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Robustness Of The Headquarters-City Effect On Stock Returns

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  • Christopher W. Anderson
  • Eli Beracha

Abstract

Recent studies report that U.S. firms headquartered near each other experience positive comovement in their stock returns, a finding suggestive of local biases in equity trading activity. We investigate the robustness of these findings and find that including additional pricing factors in models for monthly stock returns materially reduces the magnitude of the headquarters-city effect in stock returns. Additionally, we find that an implicit null hypothesis of zero local return comovement is inappropriate as there is positive comovement between a stock's return and returns on portfolios of stocks from nonheadquarters cities, on average. Nevertheless, results benchmarked against estimates based on resampling methods indicate a significant and robust headquarters-city effect in stock returns. (c) 2008 The Southern Finance Association and the Southwestern Finance Association.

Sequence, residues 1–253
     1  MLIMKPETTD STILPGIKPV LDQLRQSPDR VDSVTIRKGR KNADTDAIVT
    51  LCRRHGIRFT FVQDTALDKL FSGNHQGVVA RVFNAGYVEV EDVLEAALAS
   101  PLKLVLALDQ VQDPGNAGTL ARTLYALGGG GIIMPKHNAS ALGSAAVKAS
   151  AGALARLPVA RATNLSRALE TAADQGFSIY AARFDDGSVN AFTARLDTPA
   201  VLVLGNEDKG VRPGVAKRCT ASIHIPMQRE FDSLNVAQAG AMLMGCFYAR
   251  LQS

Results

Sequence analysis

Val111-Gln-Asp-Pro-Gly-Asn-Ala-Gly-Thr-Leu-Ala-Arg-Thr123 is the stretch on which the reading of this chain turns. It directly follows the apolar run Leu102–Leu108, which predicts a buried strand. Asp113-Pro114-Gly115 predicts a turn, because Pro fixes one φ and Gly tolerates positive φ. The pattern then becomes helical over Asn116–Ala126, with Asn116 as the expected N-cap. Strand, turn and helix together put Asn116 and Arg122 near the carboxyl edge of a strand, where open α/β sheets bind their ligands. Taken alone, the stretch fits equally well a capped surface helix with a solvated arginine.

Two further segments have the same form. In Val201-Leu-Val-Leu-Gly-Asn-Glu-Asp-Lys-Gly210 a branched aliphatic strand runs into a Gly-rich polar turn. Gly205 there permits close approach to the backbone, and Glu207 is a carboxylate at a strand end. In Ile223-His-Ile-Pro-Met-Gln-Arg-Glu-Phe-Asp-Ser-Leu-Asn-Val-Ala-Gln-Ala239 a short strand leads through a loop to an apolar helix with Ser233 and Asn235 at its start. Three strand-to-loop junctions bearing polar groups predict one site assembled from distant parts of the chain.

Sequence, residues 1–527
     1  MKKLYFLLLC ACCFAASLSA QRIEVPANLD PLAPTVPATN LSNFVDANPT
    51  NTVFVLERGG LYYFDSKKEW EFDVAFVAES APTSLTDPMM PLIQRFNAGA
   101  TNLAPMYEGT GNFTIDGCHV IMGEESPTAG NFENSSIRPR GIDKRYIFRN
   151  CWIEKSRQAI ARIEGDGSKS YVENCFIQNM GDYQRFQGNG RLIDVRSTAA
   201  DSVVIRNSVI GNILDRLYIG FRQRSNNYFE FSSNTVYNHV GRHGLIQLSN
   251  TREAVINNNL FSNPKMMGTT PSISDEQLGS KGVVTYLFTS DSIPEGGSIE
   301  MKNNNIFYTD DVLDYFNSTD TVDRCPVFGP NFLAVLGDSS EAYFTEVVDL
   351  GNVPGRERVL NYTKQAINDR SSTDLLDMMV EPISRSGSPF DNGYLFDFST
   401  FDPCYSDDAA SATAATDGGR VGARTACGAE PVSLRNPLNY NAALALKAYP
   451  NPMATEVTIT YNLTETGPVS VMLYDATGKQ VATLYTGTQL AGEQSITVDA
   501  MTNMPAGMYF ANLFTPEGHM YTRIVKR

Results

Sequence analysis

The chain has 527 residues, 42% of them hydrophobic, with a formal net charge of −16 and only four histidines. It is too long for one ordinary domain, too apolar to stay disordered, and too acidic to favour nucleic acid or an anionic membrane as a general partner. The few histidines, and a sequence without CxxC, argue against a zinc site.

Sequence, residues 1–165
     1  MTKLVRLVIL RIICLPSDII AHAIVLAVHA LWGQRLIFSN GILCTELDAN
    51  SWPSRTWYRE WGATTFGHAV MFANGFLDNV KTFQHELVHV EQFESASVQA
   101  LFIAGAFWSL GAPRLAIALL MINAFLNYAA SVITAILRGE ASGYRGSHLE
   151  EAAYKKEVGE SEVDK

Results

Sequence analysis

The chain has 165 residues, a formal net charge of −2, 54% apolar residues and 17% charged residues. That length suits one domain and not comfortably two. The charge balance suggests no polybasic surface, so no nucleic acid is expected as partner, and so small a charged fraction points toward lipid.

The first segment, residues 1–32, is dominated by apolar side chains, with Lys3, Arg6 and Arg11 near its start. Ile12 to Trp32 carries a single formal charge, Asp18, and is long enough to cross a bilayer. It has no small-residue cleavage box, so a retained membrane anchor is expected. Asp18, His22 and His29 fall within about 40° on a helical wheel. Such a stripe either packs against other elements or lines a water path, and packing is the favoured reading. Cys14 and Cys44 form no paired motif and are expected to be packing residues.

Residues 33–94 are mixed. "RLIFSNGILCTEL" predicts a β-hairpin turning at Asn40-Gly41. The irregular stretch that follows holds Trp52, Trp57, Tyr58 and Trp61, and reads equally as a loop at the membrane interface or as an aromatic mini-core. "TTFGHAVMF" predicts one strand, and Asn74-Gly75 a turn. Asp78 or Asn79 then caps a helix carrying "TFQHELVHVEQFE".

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  • Christopher W. Anderson & Eli Beracha, 2008. "Robustness Of The Headquarters-City Effect On Stock Returns," Journal of Financial Research, Southern Finance Association;Southwestern Finance Association, vol. 31(3), pages 271-300.
  • Handle: RePEc:bla:jfnres:v:31:y:2008:i:3:p:271-300
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    References listed on IDEAS

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    Cited by:

    1. Fu, Shihe & Shan, Liwei, 2011. "Agglomeration Economies and Local Comovement of Stock Returns," MPRA Paper 31887, University Library of Munich, Germany.
    2. Christopher Anderson & Eli Beracha, 2012. "Frothy Housing Markets and Local Stock-Price Movements," The Journal of Real Estate Finance and Economics, Springer, pages 326-346.
    3. Li, Mingsheng & Zhao, Xin, 2016. "Neighborhood effect on stock price comovement," The North American Journal of Economics and Finance, Elsevier, pages 1-22.

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